Consumer price pressures remain weak

Consumer prices rose only slightly in July, despite the start of the carbon tax at the beginning of the month.

The TD Securities-Melbourne Institute inflation gauge rose 0.2 per cent in July, after a 0.2 per cent fall in June and a flat result in May, the survey published on Monday showed.

In the year to July, the inflation gauge was 1.5 per cent, the lowest annual rate in nearly three years and well below the Reserve Bank of Australia's (RBA) two to three per cent inflation target band.

TD Securities head of Asia-Pacific Research Annette Beacher said the start of the carbon tax on July 1 came at a time when most price pressures were weak.

Treasury modelling showed that the $23 a tonne price for carbon pollution would add about 0.7 per cent to consumer prices in 2012/13.

"For the July Inflation Gauge, utility prices rose 10.3 per cent, while food prices and airfares, so far, remain unaffected," Ms Beacher said.

"While our utility price rise is within Treasury estimates, the Gauge confirms that pricing pressure outside of the immediate impact of the carbon tax remains weak."

Ms Beacher said Australia was in the enviable position of having weak inflation and an economy that was growing stronger.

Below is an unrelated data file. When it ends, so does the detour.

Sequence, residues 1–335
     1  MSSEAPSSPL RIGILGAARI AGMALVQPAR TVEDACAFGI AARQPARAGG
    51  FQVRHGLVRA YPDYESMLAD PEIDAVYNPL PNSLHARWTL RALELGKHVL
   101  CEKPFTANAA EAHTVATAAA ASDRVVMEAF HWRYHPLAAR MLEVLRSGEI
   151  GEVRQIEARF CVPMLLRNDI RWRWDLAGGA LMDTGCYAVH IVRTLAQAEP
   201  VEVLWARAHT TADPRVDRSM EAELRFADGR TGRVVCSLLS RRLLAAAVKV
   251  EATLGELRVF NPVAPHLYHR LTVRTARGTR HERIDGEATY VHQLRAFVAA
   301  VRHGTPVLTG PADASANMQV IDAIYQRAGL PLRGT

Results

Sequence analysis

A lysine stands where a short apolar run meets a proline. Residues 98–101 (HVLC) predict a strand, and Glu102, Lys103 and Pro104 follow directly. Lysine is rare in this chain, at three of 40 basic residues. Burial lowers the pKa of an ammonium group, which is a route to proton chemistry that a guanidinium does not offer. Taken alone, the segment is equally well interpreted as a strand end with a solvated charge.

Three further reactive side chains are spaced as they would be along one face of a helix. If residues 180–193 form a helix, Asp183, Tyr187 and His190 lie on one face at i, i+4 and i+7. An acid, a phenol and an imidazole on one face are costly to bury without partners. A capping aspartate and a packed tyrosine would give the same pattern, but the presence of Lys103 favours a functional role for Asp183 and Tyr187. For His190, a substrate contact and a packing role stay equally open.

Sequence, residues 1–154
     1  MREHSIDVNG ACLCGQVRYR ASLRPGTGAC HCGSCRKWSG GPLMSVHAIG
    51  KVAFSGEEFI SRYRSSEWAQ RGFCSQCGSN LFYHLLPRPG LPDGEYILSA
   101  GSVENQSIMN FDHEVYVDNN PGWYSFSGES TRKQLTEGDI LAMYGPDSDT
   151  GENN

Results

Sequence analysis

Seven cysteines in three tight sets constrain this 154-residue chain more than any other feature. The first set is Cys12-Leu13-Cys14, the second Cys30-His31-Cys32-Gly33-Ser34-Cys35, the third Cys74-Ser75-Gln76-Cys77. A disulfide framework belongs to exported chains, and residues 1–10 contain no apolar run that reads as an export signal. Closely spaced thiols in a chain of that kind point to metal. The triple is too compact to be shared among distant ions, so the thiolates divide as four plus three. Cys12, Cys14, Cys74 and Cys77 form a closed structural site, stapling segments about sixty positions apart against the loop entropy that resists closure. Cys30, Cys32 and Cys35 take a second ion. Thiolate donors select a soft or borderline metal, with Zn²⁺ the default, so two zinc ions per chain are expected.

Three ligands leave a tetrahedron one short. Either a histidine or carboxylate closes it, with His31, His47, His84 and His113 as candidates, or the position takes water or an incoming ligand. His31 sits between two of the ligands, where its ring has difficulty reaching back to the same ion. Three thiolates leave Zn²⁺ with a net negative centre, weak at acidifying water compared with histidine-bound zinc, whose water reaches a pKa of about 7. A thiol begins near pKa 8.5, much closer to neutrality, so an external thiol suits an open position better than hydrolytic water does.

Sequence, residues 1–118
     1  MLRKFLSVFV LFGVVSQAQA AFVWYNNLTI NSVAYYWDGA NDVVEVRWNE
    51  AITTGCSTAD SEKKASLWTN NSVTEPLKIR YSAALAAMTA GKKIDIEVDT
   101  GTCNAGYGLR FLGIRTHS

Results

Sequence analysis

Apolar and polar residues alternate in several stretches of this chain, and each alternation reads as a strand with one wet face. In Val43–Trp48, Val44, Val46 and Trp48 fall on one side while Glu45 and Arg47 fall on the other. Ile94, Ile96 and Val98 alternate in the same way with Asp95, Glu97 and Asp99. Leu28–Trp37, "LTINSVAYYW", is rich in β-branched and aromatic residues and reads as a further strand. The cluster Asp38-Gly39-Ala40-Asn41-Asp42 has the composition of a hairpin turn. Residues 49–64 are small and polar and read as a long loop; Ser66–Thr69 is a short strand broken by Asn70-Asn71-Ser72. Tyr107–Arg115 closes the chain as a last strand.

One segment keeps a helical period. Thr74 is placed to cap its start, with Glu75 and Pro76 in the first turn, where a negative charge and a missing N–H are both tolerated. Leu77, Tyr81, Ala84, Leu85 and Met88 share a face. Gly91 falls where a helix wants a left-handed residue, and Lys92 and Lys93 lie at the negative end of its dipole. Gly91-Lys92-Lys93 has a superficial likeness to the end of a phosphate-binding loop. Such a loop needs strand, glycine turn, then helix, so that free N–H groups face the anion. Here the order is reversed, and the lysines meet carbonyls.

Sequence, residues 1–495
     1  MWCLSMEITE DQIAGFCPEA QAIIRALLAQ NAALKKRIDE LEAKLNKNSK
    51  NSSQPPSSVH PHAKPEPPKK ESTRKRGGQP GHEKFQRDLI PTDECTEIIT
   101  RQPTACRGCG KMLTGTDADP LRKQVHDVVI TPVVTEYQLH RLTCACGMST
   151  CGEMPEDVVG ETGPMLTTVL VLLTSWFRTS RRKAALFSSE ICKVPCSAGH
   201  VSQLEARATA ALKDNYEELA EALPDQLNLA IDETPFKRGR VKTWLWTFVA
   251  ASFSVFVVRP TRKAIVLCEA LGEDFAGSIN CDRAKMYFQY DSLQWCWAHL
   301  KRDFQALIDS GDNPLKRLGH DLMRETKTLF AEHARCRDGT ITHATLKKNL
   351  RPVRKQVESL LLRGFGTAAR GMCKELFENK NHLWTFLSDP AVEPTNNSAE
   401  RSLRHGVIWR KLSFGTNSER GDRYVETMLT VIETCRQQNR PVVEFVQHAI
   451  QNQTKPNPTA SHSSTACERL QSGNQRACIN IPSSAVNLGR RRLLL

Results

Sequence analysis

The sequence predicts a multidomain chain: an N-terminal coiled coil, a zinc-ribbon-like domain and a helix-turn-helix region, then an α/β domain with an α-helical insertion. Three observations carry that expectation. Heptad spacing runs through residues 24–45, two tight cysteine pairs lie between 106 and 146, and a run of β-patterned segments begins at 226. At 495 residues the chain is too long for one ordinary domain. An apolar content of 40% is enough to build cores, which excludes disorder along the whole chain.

"This is an economic sweet spot and certainly backs up RBA Governor (Glenn) Stevens' glass half-full chirpy theme of late," she said.

"Australia is well-placed to absorb global shocks, and the RBA board can comfortably leave the cash rate unchanged at 3.5 per cent at the meeting tomorrow.

"Given the favourable inflation outlook, the RBA is in the enviable position to have the tools to ease if required, although by how much and when depends on what lies ahead for the troubled European Union."

All 15 economists surveyed by AAP predicted the central bank board would keep the official interest rate at 3.5 per cent on Tuesday.

Price increases in the inflation gauge were largest in utilities, reflecting the initial cost of the carbon tax, alcohol and tobacco, and newspapers, books and stationery, the survey showed.

They were offset by falls in the prices of automotive fuel, insurance and financial services, and holiday travel and accommodation.

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